Q. Should my evaluator submit my child’s evidence of progress directly to the superintendent on my behalf?
§ 22.1-254.1.(C) addresses who is to provide the results of an evaluation. It states, “The parent who elects to provide home instruction shall provide the division superintendent by August 1 following the school year in which the child has received home instruction with either… “scores from a standardized achievement test, an equivalent ACT, SAT, or PSAT test score, or an evaluation or assessment which the superintendent determines to indicate the child is achieving an adequate level of educational growth and progress.”
Just as it is the parents’ responsibility to provide a notice of intent to the superintendent or his designee, they are also responsible for complying with the law by submitting the required evidence of progress to the superintendent by August 1 each year after homeschooling.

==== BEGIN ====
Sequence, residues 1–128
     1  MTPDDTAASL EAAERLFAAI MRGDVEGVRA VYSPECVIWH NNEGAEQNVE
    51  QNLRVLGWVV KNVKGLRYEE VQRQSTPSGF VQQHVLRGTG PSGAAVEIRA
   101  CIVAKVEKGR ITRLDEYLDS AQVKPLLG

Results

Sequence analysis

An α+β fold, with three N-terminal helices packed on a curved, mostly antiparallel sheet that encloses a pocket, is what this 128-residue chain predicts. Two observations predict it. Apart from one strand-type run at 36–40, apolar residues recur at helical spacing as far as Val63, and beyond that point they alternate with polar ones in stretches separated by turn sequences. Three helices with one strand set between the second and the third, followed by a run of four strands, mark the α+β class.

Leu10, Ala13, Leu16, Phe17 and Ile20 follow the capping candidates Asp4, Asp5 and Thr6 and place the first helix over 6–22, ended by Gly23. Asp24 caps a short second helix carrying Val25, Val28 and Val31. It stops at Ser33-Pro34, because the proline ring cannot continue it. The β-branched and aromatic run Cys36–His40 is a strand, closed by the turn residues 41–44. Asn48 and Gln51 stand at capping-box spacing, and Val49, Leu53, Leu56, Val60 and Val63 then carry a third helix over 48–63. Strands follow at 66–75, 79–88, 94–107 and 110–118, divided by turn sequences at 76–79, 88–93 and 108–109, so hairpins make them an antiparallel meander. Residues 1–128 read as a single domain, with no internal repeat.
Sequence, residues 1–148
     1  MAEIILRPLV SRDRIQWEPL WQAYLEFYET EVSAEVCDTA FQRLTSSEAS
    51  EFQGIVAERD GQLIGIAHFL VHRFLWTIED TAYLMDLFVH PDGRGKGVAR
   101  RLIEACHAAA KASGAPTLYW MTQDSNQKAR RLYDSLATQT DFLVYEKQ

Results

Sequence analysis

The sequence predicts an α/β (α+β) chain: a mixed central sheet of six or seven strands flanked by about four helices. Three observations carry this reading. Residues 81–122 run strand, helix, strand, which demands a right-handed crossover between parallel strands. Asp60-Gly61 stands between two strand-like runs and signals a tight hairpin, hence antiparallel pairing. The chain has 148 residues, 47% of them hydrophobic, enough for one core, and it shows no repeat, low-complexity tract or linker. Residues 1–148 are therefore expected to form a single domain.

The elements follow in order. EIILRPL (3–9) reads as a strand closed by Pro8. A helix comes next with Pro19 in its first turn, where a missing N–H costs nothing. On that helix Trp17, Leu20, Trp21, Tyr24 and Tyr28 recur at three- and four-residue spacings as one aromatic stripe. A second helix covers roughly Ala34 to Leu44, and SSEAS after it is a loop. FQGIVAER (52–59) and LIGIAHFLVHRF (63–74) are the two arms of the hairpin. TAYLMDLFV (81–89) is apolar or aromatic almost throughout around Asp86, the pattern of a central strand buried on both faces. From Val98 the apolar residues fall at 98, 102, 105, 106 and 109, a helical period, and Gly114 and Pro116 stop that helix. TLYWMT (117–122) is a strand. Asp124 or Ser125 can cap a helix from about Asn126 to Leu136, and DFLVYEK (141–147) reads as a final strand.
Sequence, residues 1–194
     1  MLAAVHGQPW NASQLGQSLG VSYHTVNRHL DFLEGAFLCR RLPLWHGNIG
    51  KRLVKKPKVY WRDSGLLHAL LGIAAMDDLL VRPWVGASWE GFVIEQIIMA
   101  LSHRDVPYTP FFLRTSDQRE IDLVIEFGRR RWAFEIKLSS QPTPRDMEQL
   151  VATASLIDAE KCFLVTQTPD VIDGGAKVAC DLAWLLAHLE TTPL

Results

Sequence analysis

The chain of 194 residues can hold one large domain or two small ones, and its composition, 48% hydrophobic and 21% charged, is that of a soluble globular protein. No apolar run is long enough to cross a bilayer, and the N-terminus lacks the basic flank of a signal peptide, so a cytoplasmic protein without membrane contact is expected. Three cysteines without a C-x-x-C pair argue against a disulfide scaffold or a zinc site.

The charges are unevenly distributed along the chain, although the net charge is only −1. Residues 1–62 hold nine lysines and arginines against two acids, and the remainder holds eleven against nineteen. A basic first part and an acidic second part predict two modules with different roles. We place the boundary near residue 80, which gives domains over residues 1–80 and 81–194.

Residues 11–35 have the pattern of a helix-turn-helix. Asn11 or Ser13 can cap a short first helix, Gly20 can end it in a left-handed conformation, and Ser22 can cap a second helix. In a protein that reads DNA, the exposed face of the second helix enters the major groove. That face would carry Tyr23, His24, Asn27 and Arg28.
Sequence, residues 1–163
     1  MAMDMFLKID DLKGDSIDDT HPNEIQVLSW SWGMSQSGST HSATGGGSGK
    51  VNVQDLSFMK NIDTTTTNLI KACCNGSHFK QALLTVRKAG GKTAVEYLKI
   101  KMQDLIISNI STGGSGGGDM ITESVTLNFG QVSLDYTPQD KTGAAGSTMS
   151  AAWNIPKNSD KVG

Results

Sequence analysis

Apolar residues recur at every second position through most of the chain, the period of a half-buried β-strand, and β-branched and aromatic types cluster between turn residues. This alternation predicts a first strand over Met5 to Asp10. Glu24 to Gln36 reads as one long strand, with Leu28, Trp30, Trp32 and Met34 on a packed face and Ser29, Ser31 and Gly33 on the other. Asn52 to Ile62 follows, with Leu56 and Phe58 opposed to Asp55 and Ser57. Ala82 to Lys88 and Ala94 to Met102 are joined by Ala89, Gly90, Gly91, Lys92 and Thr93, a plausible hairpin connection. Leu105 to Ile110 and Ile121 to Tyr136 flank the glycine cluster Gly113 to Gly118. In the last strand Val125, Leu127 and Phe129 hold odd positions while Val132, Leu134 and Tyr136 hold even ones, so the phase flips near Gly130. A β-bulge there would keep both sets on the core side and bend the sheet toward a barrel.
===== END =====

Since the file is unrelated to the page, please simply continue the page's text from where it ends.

There are several things to consider if someone other than the parent submits this information:
- If an evaluator fails to mail the evaluation letter in a timely manner, the parent could be responsible for non-compliance.
- A parent may not have the opportunity to review the evaluation before the evaluator mails it to the superintendent. In that case, a poor evaluation could result in a parent being placed on probation the following year.
- If the evaluation is not satisfactory to the superintendent, a parent may not have the opportunity to consider other options.
- An evaluation could be rejected because it is poorly written or does not properly indicate evidence of progress.
- Evidence of receipt of test results from the superintendent’s office (a parent’s evidence of complying with the law) or correspondence may go to the evaluator, not the parent.
- An evaluator is engaged by the parent to provide a service and is not responsible for representing the client/parent to the school division.
I’m sure there are many excellent evaluators who would never want to put their clients in a difficult situation. However, it is the responsibility of the parent to know and fulfill the law, including the submission of test results. Although superintendents may accept evaluation letters directly from evaluators, there is less protection for the parent when the law, as quoted above, is not followed.